Advertisement

An art forger duped collectors out of more than $200K, selling replica woodcuts as historic masterpieces

Artist's hands working on an art piece with tools and wood.
A stock image shows an artist working on an art piece using tools and wood.Kevin Wells/Getty Images
  • An art forger duped art collectors by making woodcuts and touting them as rare historic artworks.

  • Earl Marshawn Washington sold counterfeit art online, swindling art collectors out of over $200,000.

  • A federal judge sentenced him to 52 months in prison and ordered him to pay back the victims.

An art forger duped art collectors out of more than $200,000 by crafting replica woodcuts and passing them off as historic masterpieces.

A statement the Department of Justice released Tuesday described the sentencing of Earl Marshawn Washington.

The US Attorney's Office for the Middle District of Pennsylvania said Washington, 61, was sentenced to 52 months in prison for conspiracy to commit wire and mail fraud.

Prosecutors described a ruse spanning from 2013 to 2016 in which he conspired with romantic partners to dupe art buyers in France and the US.

In a sentencing memo, Washington's defense lawyer described him as a "highly skilled wood engraver, which allowed him to sell wood blocks that appeared to be authentic."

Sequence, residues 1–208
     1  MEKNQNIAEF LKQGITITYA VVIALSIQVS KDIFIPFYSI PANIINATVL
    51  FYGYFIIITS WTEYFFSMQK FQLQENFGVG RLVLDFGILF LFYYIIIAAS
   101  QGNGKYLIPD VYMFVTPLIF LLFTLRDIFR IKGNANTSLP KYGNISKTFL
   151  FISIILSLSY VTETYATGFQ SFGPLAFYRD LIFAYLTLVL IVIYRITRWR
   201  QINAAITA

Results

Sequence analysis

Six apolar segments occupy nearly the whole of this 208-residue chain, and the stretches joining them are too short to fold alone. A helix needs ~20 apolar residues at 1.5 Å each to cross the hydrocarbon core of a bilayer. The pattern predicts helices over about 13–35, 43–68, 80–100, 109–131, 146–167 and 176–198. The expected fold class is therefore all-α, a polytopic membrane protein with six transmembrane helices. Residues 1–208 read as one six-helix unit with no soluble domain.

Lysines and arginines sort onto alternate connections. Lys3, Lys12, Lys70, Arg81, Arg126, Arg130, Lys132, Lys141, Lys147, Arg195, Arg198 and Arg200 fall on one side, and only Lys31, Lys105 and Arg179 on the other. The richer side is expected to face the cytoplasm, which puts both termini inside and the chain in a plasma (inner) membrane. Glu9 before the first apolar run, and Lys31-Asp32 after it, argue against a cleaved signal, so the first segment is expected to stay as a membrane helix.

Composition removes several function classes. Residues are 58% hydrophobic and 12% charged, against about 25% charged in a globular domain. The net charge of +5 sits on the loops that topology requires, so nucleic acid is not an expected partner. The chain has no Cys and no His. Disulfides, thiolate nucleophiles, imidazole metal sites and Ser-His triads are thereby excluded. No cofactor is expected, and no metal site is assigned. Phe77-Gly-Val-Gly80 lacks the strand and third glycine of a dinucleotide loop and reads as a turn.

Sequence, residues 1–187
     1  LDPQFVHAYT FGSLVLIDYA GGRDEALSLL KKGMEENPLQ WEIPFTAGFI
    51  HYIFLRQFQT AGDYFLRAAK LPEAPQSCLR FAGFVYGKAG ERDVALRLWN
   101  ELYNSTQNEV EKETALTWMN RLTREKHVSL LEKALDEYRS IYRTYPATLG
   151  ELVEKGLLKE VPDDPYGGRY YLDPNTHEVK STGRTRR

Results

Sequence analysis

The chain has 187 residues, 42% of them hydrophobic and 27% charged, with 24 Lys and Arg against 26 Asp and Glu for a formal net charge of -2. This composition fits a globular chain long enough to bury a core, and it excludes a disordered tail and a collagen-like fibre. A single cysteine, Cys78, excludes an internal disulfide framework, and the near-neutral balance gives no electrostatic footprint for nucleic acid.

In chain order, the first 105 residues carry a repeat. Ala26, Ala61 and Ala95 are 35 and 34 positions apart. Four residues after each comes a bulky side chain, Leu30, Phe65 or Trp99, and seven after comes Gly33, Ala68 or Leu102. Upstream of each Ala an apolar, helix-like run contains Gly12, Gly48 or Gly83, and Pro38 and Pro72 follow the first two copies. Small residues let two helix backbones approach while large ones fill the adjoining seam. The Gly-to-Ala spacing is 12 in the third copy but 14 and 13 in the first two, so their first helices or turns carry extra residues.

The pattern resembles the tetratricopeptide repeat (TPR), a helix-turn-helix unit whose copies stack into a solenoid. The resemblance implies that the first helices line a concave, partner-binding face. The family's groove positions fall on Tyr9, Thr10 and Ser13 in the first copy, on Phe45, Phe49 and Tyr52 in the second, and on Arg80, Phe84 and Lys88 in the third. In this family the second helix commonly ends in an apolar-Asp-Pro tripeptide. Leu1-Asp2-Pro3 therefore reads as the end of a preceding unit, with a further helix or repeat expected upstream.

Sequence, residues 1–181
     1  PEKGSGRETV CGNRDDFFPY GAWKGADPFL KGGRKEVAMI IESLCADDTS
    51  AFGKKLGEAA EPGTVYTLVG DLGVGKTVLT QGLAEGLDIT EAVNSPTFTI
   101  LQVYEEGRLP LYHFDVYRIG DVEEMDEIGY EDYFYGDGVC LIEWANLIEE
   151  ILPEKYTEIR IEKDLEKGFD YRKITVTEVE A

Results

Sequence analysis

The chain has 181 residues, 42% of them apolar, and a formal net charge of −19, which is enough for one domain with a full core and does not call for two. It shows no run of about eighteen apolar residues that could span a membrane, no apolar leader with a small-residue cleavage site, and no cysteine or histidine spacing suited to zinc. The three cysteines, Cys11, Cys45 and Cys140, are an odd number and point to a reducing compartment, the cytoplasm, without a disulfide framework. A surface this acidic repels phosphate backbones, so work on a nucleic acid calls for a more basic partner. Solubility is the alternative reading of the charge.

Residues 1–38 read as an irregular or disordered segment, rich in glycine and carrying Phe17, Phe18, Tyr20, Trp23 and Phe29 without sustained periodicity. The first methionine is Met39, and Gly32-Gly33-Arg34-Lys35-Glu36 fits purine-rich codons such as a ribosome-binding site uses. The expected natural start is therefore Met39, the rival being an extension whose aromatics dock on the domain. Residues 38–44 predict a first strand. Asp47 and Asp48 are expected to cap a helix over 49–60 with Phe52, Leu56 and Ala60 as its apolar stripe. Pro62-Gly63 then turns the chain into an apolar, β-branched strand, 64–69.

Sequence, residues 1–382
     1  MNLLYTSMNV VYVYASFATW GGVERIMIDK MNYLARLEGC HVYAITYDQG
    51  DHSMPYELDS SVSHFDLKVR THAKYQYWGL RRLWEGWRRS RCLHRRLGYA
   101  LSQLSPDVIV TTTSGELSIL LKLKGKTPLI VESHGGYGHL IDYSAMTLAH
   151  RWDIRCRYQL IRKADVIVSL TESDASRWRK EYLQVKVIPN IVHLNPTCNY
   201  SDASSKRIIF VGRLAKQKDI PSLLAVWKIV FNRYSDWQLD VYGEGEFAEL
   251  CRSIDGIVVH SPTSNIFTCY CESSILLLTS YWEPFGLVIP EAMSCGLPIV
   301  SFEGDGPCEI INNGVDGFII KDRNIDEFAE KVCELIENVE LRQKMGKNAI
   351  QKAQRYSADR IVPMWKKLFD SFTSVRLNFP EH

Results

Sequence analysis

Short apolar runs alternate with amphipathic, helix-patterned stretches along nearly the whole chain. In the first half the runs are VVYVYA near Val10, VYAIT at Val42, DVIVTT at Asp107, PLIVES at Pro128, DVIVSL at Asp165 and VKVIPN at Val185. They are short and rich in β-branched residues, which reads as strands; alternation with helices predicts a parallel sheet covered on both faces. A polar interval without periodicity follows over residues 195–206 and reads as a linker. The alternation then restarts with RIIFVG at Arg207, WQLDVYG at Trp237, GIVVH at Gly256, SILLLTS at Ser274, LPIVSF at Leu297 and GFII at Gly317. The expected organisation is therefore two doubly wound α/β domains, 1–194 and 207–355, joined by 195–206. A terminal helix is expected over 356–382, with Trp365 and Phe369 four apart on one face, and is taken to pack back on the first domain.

Prosecutors said Washington worked with his then-wife Zsanett Nagy, 32, advertising the counterfeit woodcuts as being from between the 15th and early 20th centuries.

The Attorney's Office said that Washington promised 15 units of "15th.C Reformation/Lutheran wood blocks" to collectors in France.

The buyers transferred nearly $85,000 to Nagy via PayPal, only to learn that the artworks were fake, prosecutors said.

An indictment filed last year said Nagy quickly withdrew the money as cash, eliminating any prospect of quickly reversing the payment.

Another collector in Pennsylvania paid $118,810 to Washington and a romantic partner in exchange for 130 woodblocks, which Washington also touted as historic and "rare," the court documents said.

Washington was ordered to pay $203,240.90 in restitution to his victims, a judgment filed on March 28 showed.

Nagy was ordered to pay $107,159.25 and was sentenced to time served, followed by two years of supervised release in January 2024. Prosecutors said she is at risk of being deported to Hungary.

In recent years, there have been numerous high-profile instances of art forgeries and fraud, including a case the Ontario Provincial Police branded as the "biggest art fraud in world history." A yearslong investigation led to the confiscation of more than 1,000 paintings by the Ojibwe artist Norval Morriseau.

Given the substantial financial stakes involved, art collectors are nervous about falling victim to art fraud, a 2023 wealth report by the insurance company Chubb shows.

The report surveyed 800 affluent North American art collectors about their assets and found that 87% of survey respondents are concerned about art fraud and the authenticity of their artworks.

Read the original article on Business Insider